by Paul R. Spitzzeri
As the Roaring Twenties came to a dramatic close with the crash of the stock market and the onset of the Great Depression, Walter P. Temple, whose failing fortunes were unrelated to Wall Street, was in a desperate and dire predicament. He sold almost all of his once-substantial landholdings, following years of poor performance in oil and real estate projects, and valiantly tried to save his most valuable property: the 92-acre Workman Homestead, which he acquired in late 1917, spent a great deal of time and money improving, and hoped to save.
Meanwhile, Major Lawrence V. Lewis, a Navy veteran and military school proprietor last in Indiana, came to greater Los Angeles and, in fall 1929, opened the Golden State Military Academy on the former Evans estate on the Esplanade facing the ocean in Redondo Beach. Lewis was aided by his sister, Evelyn Horton, a widower who served as principal of the school and the siblings were joined by their widowed mother, Ellen.
Little was actually found about Lewis and his sister. The 1930 census shows that he was born in Kentucky, but she was born in China. A news article said that their father, Sir William Churchill Lewis, was with the British consul’s office in China. Horton was described as a graduate of the University of Chicago and several music conservatories, while Lewis apparently saw overseas service in the Army, though one military source suggests he was in the Navy.
A Los Angeles Times article from April 1929 stated that the academy “stresses in addition to scholarship, courage, honesty, industry and good breeding, together with a high standard of health for its pupils.” While it was nonsectarian, students were required to attend Sunday services. Lewis was quoted as saying that “the military department is so conducted and arranged as not to interfere with the school work.” He described Golden State as “essentially military” in that it utilized strict discipline for “the making of men.” Much was also made of having the smallest class sizes possible for maximum benefit to individual students.
Lewis quickly garnered a reputation as an excellent public speaker, whose topics, not surprisingly, revolved usually around the building of boys into men, especially though the military school, which became very popular in the patriotic fervor of the First World War. In fact, Walter and Laura Temple, whose first oil well at their lease near Montebello came in just two months after the United States entered that conflict and upon receiving royalties, sent their three sons to military school.
While Golden State was heavily advertised at Redondo Beach, the school only completed one year there, during the 1929-30 school year before it decided to move. Somehow, Lewis became aware that the Homestead was available for lease and, in May 1930, he and Temple inked a deal through which Golden State leased for forty years 20 acres of the ranch, with the remaining property under option, comprising the Workman House; La Casa Nueva; Water Tower; the auditorium, cafeteria and garage that were built as wineries in the 1860s; a 60’x100′ square foot reservoir and swimming pool; and other structures. Temple retained the remaining 72 acres of the Homestead, on which walnuts were being raised for commercial purposes.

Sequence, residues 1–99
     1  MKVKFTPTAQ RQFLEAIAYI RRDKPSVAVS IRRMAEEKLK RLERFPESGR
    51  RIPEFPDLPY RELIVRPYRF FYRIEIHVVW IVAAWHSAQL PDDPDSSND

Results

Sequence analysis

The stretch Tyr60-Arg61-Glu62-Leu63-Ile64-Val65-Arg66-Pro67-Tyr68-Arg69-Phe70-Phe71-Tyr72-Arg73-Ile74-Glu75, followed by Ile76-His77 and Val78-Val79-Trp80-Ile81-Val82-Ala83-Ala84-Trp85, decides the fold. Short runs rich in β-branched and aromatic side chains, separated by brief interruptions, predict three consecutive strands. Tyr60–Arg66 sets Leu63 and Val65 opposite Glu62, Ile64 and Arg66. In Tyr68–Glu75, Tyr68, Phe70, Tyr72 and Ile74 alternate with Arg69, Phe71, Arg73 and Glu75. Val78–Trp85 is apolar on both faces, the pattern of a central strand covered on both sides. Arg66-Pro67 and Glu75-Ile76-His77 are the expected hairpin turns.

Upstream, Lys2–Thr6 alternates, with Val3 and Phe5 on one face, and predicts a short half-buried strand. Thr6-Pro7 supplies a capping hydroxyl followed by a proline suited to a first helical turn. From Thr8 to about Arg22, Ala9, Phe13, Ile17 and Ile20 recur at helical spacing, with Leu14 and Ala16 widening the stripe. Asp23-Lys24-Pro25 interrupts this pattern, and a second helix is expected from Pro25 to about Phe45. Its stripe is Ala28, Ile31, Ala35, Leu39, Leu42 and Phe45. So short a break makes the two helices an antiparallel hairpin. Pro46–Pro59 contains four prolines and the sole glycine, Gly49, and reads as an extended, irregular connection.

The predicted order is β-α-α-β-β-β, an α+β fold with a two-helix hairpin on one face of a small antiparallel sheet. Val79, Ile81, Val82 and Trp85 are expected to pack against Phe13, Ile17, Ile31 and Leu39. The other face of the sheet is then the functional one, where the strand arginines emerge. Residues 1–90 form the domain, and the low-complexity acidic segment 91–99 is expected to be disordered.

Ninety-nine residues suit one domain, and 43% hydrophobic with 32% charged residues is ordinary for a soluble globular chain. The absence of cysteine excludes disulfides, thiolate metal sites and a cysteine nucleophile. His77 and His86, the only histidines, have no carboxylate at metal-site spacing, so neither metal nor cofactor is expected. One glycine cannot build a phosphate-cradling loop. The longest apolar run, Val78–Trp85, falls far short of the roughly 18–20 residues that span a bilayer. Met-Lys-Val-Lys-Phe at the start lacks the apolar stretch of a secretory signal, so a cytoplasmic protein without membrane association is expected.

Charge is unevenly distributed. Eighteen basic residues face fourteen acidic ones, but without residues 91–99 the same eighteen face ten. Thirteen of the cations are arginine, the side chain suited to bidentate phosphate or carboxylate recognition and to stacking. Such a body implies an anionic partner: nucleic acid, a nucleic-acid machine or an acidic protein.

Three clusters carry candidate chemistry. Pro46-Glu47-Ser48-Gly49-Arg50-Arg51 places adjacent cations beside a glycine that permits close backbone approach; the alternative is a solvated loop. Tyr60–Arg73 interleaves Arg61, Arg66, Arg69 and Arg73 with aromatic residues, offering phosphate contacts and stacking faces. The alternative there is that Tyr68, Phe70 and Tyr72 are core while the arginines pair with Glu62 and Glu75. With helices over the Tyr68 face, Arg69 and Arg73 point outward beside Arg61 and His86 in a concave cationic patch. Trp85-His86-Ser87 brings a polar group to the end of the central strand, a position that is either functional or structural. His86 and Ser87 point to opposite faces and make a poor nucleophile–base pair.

A 17 May article in the Los Angeles Express noted that
Golden State Military Academy is now in full swing at Puente in the ancient Spanish style institution known since pioneer days as the old Workman homestead and lavishly reconstructed seven years ago as the Walter P. Temple home, the Temples being descendants of the Workmans. With the entire student body safely ensconced in their new quarters many of the boys have astonished their distant parents with descriptions and pictures of the elaborate and highly decorative institution.
With more significant promotion, including highlighting of the large pool, the tennis and basketball court adjacent to the pool, and a machine shop, Golden State refurbished the Homestead’s structures for its purposes and opened its doors at the ranch for the 1930-31 school year. A mid-June article in the Los Angeles Times, which described a summer camp in the San Jacinto Mountains operated by Lewis and Horton, also talked about the Homestead as “the historic Temple estate with its handsome buildings and picturesque settings.”
An ad from August shows boys in the pool and staff standing on the deck near dressing rooms with the Water Tower looming in the distance. Descriptions of the school include mention of commercial courses, including banking, military elements, and even instruction in the “Science of Flight” and “Actual Aeroplane Construction.” Other ads emphasized the agricultural course, appropriate enough given that the Puente Valley was an agricultural region with a sparse population, and which offered animal husbandry, poultry raising, and bee keeping.
A September 1930 article in the Express was more fanciful in its description of the historic significance of the ranch denoting it as “the Temple estate, long famous as a storehouse of California’s history” and “perhaps best known as the burial place of Gov. Pio Pico.” The piece veered off into a strange tangent, however, when it claimed that the Homestead was “on the spot known to every student of California history as the place where the council of seven met to decide the fate of the Golden State.” It is not clear what was meant by this—perhaps a misinformed claim about the situation involving the American seizure of California during the Mexican-American War?
Beyond that, the article claimed that “one of the more interesting features is the classroom building, a structure more than 100 years old.” This had to have been the Workman House, in which a central partition was added (and was only removed in the late 2000s) to divide the interior into classrooms. But, it was also reported that the house was “formerly used by the padres in their missionary work, ” presumably those from Mission San Gabriel, though this is patently false.
While Temple’s financial situation worsened to the point that he had to mortgage the walnut crop in 1930 to raise cash, even as cut back expenses by moving to Ensenada in Baja California, Lewis developed a relationship in which it appeared that he tried to help Temple keep the ranch.